Knorr's position is that the evidence sustains the trial court's determination, particularly when interpreted with reference to provisions of the Interstate Commerce Act which he claims make it illegal to prefer a customer by not charging him for unloading.

We first consider the effect, if any, of the regulations of either the Federal or State Commerce Commission on this case. These acts (USCA, Title 49, c 8, §§ 302-304; Ill Rev Stats 1963, c 95 1/2, § 282.1-30, and tariff rules thereunder) do not purport to apply to a lease between a carrier and his augmenting equipment owner, and as between them they were free to enter into a lease providing for any mutually satisfactory arrangements and deductions. The acts are for the protection of the public in its dealings with carriers and provide for penalties for violations which could result in discrimination as between members of the public using the services of a carrier. See 4 ILP 266; 60 CJS 266.

In fact, there is no evidence in the record to show that Lock Joint was preferred. The evidence clearly shows that the reason for the carrier unloading these shipments was for the convenience of both the carrier and his lessor, Knorr, to avoid delays which would have made the equipment unavailable for considerable periods for continuance of other paying shipments, to the disadvantage of both parties. There is no evidence that Lock Joint requested the unloading service which would be a precedent under the terms of the Commerce Commission Acts to its being either obligated or preferred.

This court will review the evidence on the issue of a latent ambiguity in the leases, applying the usual standard that the trial judge's findings on the facts will not be reversed except for a clear abuse of discretion; or, in other words, except if the trial court's findings are clearly and manifestly against the weight of the evidence. Stevens v. Fanning, 59 Ill. App.2d 285, 294, 207 N.E.2d 136 (1965).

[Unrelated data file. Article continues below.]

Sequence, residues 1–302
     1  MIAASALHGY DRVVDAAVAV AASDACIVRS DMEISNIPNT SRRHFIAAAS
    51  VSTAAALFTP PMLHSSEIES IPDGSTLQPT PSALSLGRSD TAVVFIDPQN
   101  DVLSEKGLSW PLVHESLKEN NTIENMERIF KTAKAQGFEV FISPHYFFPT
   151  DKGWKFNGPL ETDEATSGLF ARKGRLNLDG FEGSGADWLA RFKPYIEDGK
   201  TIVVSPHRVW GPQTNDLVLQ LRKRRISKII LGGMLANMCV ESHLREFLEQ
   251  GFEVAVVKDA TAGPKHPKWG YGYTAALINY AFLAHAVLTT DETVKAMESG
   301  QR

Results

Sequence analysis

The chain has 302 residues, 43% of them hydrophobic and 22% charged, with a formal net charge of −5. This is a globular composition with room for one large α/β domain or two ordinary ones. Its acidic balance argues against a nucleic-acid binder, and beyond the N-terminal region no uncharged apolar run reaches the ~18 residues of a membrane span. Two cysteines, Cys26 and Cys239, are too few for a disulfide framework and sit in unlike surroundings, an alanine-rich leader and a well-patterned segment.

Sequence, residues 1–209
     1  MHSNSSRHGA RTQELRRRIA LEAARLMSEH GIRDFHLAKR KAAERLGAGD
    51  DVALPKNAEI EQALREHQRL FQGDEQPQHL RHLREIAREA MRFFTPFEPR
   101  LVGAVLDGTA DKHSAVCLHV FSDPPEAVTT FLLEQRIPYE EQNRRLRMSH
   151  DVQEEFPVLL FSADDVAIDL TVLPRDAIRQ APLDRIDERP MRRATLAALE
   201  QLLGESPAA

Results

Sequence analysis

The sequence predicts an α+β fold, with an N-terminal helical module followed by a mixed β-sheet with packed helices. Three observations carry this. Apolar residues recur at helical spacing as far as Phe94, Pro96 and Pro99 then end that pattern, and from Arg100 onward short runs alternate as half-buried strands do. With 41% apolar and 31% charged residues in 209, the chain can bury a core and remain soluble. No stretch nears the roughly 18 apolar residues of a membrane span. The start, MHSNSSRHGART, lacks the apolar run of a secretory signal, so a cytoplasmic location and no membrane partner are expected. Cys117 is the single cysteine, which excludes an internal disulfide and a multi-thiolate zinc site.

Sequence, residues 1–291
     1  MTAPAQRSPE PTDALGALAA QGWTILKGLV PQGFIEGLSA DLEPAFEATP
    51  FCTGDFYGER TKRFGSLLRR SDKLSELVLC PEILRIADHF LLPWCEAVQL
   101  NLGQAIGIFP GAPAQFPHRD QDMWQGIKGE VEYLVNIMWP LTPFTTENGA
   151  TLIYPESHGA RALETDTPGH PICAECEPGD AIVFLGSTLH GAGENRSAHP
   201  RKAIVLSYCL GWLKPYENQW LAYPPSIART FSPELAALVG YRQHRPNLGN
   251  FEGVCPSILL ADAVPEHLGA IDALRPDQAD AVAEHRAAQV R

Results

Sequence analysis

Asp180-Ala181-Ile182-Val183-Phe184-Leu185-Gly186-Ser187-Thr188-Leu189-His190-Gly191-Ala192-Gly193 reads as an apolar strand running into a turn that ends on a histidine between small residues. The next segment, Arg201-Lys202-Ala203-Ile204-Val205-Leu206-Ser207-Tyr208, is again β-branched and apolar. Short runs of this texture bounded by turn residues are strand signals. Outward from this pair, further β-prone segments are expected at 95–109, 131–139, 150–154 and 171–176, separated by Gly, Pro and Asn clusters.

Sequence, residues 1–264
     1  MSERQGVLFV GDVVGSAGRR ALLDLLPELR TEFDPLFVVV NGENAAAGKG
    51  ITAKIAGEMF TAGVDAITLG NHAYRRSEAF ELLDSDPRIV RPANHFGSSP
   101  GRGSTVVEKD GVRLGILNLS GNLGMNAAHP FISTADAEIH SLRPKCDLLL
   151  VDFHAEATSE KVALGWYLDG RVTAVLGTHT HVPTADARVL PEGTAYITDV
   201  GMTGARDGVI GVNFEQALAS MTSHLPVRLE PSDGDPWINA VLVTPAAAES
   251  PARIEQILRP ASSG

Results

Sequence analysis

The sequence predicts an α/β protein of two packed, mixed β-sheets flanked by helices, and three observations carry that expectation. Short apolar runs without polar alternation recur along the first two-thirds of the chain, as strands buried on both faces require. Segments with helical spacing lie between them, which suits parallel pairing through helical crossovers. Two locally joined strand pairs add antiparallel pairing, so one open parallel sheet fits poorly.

Carl Edward Berquist testified for Knorr. He was the branch manager of White in South Beloit. He spoke with Knorr and signed the November 9th lease which contained the terms "determined by trip." He had been told by his main office in Wasco that this phrase meant 75% of the revenue less trailer rental, if applicable. He had also been instructed by the main office that if there were any question of rates, the trucker should be referred to the main office. He kept daily records of the weights carried, the ticket number, the number of pieces and the identity of the commodity. He was told by the main office to change the leases of January 1, 1964, and June 4, 1963, to state "75% less trailer rental if applicable." He did not discuss any other charges or deductions with either Knorr or White. He had heard from other drivers that there was an unloading charge but never discussed it and always referred matters of pay to the home office. A few times Knorr discussed his checks with him if he thought there was a load that he hadn't been paid for, but Knorr never mentioned the rates or amounts he was paid. He was discharged on March 14, 1964.

Howard C. Krause testified for Knorr. He audited information furnished by Knorr only to assess the mileage rates and had no ...